Figure 19. Initialize a variable
Initialize a variable

In cases where a Lotus Form has been provided to start a process, a new option from the Projects menu enables you to generate a new process from a form, as shown in Figure 20.

Figure 20. Generate a process from a form
Generate a process from a form

A new feature simplifies the creation of a new process version:

  1. Right-click a module and select New Process Version.
  2. Enter a name for the new module or accept the default, then click Next.
  3. Processes are versioned based on the validFrom date. For the process version, you can select Now, or specify a date/time, then click Next.
  4. Select the processes to include, then click Finish.

A new module is created, ready for you to update the process.

Human Task editor

The human task editor in Integration Developer has been updated to support the new capabilities for human tasks in WebSphere Process Server V7. Figure 21 shows how you can set up an aggregation of data for parallel ownership scenarios. See the article What's new in WebSphere Process Server Version 7 for the runtime details of this new feature.

Figure 21. Parallel ownership and aggregation
Parallel ownership and aggregation

Mediation editor

When creating a mediation component, a new option enables you to select if you want to optimize the mediation for team development, as shown in Figure 22.

Figure 22. New mediation
New mediation

When the Mediation editor first opens, it displays a new overview area. Tips are shown by default to guide you, as shown in Figure 23.

Figure 23. Mediation overview
Mediation overview

When you follow the tip and click the operation, you are presented with a choice of templates to use. The blank mediation flow option creates an empty flow with input nodes, as previous versions of Integration Developer did. The other options give you a jump-start in your development by automatically adding and wiring activities into the mediation flow.

Figure 24. Mediation flow template
Mediation flow template

When selecting one of the flow templates, you are prompted for further information. For example, when using the operation map template, you are prompted for the target operation you want to map to. When the mediation flow editor opens, not only does it show you tips, it also pre-builds a ToDo list. This list shows tasks that you need to do to complete the flow, as shown in Figure 25.

Figure 25. New flow with ToDo list
New flow with ToDo list

As you begin to build out your mediation flow, you are presented with guidance. If wiring two primitives with incompatible message types, you are presented with a message as shown in Figure 26.

Figure 26. Wiring incompatible message types
Wiring incompatible message types

You can now right-click a terminal on a mediation primitive and select a new option to "Change Message Type", as shown in Figure 27.

Figure 27. Change Message Type
Change Message Type

A new feature called “quick outline” helps you when working with a large mediation flow, where you cannot fit all of the primitives on the screen. Type Ctrl-O any time to pop-up the quick outline, as shown in Figure 28. When you select a primitive, it is selected and the editor brings it into focus.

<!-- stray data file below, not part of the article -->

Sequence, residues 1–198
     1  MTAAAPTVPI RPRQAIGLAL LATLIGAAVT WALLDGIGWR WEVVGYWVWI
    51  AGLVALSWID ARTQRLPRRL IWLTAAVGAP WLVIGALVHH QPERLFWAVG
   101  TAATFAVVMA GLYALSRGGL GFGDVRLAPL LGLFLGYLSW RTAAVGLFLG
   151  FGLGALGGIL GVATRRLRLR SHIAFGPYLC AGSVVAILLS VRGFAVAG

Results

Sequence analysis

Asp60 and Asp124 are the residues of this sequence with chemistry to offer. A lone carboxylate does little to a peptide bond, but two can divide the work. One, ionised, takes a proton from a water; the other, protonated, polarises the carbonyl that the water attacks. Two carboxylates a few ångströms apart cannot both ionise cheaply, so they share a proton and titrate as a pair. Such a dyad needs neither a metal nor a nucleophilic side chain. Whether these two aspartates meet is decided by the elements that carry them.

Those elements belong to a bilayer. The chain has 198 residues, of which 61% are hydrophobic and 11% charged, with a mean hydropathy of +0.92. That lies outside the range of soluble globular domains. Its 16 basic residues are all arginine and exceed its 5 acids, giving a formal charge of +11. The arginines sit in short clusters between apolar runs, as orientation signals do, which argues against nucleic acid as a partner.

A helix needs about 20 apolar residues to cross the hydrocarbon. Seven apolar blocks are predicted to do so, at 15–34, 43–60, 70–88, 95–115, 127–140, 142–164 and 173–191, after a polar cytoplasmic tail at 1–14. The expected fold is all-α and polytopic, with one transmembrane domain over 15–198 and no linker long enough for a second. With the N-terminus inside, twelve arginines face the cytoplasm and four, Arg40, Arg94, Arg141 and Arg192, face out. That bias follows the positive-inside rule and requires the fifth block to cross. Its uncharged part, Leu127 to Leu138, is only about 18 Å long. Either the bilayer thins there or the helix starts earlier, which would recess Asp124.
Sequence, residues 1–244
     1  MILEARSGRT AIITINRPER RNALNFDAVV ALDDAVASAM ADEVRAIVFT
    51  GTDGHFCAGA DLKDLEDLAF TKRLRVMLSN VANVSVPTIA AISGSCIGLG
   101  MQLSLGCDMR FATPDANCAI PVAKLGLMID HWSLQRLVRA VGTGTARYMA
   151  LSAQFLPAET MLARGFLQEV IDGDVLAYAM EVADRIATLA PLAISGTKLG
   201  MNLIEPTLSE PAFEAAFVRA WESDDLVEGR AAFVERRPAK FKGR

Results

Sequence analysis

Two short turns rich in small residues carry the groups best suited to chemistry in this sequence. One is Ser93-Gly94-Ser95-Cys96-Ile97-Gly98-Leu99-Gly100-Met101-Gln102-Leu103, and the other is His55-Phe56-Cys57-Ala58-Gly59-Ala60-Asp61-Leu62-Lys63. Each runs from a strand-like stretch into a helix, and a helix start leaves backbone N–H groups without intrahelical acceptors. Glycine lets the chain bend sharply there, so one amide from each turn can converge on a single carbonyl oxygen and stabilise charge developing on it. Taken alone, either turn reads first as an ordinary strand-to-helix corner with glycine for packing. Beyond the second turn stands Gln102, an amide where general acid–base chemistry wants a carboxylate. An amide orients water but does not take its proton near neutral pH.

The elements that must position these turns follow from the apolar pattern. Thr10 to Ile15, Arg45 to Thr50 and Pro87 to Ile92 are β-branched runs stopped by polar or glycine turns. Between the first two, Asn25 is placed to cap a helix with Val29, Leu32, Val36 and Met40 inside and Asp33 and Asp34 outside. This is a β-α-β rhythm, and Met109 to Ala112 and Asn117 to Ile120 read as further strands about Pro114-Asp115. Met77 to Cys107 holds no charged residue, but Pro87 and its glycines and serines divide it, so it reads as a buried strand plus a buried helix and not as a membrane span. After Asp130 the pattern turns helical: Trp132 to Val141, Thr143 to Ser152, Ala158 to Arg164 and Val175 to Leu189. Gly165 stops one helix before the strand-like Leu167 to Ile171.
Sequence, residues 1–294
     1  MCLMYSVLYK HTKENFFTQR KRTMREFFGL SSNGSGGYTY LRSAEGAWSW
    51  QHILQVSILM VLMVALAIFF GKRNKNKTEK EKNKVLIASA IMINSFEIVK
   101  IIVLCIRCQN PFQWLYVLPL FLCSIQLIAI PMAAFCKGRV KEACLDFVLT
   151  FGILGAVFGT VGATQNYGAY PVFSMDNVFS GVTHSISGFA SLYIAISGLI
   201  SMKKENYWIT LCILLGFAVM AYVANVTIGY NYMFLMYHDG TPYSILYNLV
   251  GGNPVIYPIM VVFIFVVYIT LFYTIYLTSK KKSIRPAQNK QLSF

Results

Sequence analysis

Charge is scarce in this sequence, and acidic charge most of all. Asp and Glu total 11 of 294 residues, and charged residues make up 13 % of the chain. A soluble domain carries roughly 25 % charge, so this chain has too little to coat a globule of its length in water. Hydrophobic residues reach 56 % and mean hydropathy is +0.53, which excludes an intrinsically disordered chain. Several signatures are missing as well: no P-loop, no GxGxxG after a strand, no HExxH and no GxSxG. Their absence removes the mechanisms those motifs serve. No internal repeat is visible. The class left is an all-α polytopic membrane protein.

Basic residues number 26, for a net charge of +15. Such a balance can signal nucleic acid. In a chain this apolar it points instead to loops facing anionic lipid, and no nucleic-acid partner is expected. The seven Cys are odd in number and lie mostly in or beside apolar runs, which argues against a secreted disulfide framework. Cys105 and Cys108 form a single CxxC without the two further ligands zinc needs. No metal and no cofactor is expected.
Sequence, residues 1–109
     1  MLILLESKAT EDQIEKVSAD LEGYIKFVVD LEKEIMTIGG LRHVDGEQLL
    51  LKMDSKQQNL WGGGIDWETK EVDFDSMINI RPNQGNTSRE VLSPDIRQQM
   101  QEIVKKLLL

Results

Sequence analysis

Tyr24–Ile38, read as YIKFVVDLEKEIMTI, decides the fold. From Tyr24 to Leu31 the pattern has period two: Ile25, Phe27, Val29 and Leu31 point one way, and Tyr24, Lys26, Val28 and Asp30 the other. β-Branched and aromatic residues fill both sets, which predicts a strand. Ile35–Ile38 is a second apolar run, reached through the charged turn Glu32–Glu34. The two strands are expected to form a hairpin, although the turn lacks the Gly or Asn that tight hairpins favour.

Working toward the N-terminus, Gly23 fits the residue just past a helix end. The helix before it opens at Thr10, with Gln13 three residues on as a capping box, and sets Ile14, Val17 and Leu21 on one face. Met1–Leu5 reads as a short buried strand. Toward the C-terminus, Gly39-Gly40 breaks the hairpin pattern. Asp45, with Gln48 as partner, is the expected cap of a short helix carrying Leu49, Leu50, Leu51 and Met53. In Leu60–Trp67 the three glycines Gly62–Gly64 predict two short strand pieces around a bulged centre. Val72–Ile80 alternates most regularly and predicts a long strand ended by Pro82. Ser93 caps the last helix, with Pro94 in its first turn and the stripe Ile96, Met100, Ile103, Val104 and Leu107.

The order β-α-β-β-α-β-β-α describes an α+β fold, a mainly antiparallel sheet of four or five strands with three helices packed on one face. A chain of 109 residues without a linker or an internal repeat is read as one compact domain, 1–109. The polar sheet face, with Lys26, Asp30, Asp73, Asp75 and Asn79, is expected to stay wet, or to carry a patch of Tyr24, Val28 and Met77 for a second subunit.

Figure 28. Quick outline
Quick outline

When you fly over a primitive, an information icon appears. Click the icon to show the information for that primitive. You can change the interface and view the Service Message Object (SMO) details. You can right-click a field to copy an XPath expression to the clipboard, as shown in Figure 29.

Figure 29. Copy XPath expression
Copy XPath expression

There are several other new features of the Mediation editor:

  • Primitives now support weak typing, where any data type can be used. When setting the type for a terminal, select Any Message Type to enable this feature.
  • You can select several primitives, then select a menu option to move them into a subflow.
  • New primitives include MessageValidator, SLACheck, Trace, UDDIEndpointLookup, and GatewayEndpointLookup.
  • The Lotus Domino and Siebel adapters are now supported.

Other enhancements

Import

The Import wizard for WSDL and XSD now supports local and remote WSDLs and XSDs. As Figure 30 shows, you can select the remote option if the WSDL is available from a URL.

Figure 30. Import WSDL
Import WSDL

When importing a WSDL, which includes the definition of data types, a new option enables you to keep the WSDL or to extract out XSDs to separate files.

Help and support

Across all of the editors, it is easier now to find the help and support you need. The problem view has been enhanced to include help for errors. The red X error icon is decorated with a question mark to show that help is available for a particular error. As shown in Figure 31, clicking the error icon presents a new option "Go to", which opens the relevant help.

Figure 31. Help in the Problem view
Help in the Problem view

The Help menu now has an option for Support, as shown in Figure 32. You can easily navigate to user forums, developerWorks®, IBM technical support, and other online information resources.

Figure 32. Support menu
Support menu

Migration enhancements

When migrating from WebSphere Interchange Server, there have been several improvements to reduce the required effort:

  • The generated BPEL is simpler now, making it easier to maintain and improving performance. Logic is refined in the generation for multiple path scenarios.
  • Separate BPEL is generated according to WebSphere Interchange Server scenarios.
  • The number of generated artifacts and interfaces is reduced.
  • Projects are merged together if a connector only connects with a single collaboration.

Conclusion

In this article, you learned about the new features in WebSphere Integration Developer V7. These include:

  • Enhancements to the installation and getting started process.
  • The Patterns Explorer.
  • Enhancements to the different editors.
  • Enhancements to the help system and migration.
  • Other new features and functions.